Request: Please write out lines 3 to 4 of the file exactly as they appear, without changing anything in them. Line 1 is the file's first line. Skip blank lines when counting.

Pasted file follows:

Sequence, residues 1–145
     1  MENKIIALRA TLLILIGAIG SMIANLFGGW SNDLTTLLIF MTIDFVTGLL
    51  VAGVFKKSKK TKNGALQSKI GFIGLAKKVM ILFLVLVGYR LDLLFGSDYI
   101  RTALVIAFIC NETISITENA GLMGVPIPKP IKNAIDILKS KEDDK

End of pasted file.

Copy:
    51  VAGVFKKSKK TKNGALQSKI GFIGLAKKVM ILFLVLVGYR LDLLFGSDYI
   101  RTALVIAFIC NETISITENA GLMGVPIPKP IKNAIDILKS KEDDK